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Two words to the wise

Country Musings by Robert Loy, January 2006

One of my favorite urban legends comes from the days when Coca-Cola was sold exclusively at soda fountains. Supposedly a budding idea man approached the CEO (or whatever they called them back then) of the company and told him that for $500 he would tell the company how to more than quadruple their profits. So Coke paid up and received the secret, which was as simple as it was effective: "Bottle it!"

What I like about this story - besides the prospect of earning 250 dollars a word, which is just a little bit more than CST pays - is the concept that we all might be surrounded by great ideas, by things that would immeasurably improve our lives if we only knew how to grab hold of them.

I am about to give you some advice that will enrich your heart and your mind at least as much as those other words enriched Coca-Cola's company coffers. Since brevity is the soul of wisdom, I've distilled it down to the same number of words as the soda pop polymath: "Get XM" (or Sirius, XM's competitor).

I'm sure you know about satellite radio. You probably have a friend that drives you nuts raving about how great it is. You might have even checked it out at Circuit City once and marveled at the plethora of channels, but wondered why you'd want to pay for something you can get for free.

I'll tell you why. I've recently realized that we are in a new golden age of country music. We are, in fact, surrounded by great, soul-feeding, heart-elating music. And we have been for some time. But you'll never know it turned into what Clear Channel wants you to hear.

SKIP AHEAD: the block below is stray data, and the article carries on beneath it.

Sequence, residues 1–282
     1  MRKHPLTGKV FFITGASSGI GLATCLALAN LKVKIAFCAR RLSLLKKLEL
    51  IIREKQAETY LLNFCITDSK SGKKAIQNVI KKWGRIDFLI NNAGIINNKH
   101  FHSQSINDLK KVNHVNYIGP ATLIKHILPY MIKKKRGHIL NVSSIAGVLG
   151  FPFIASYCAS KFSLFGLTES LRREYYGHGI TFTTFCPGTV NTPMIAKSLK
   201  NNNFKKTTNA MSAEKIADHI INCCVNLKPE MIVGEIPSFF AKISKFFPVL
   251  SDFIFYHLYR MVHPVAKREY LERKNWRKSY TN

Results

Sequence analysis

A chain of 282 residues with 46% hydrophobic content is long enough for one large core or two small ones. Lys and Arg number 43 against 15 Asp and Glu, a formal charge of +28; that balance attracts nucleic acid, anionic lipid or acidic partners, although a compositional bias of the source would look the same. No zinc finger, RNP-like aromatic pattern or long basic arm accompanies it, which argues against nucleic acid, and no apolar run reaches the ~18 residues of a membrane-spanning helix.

One of the most frustrating things about being a music journalist is when we find some new artist and want the world to share the wonderful feelings we get from listening to them. But as a wise man once said "Writing about music is like dancing about architecture." You're not going to get the same experience reading about it - you have to hear it. But how are you going to do that? It gets expensive real quick, and besides a lot of those CDs you can't just pick up at your local record store, you have to go online or dial some 800 number.

XM has several country music channels, some that play progressive stuff, some classic, some traditional - not to mention folk and bluegrass. And if you hear somebody you sorta like with the push of a button you can set it so that XM will let you know every time one of their songs is on any channel and with the push of another button, take you there. I've found several of my new favorite artists this way.

Not convinced? Maybe you're fortunate enough to live somewhere where you have an alt.-country (or whatever you want to call it) station you can pick up, maybe even a classic country station too. And you probably enjoy it too - in between all the commercials with car salesmen screaming at you come down and check out the UN-Beeeelievable deals, deals, deals! There's none of that on XM.

What's that you say? Too expensive? Come on. 13 bucks a month is a steal for the music alone, but there are also several comedy channels (uncensored and family-friendly) news, talk, entertainment, old time radio like Jack Benny, all kinds of sports channels including just about every single major league baseball game.

If you're not ready to sign up yet, I have two more words for you - traffic jams. As I no longer mind being stuck in them. In fact some times I wish my commute were longer so I could listen to more XM. And that's more than just a good deal. That's a genuine miracle.

The views expressed in this column are Robert Loy's and do not necessarily reflect those of CST.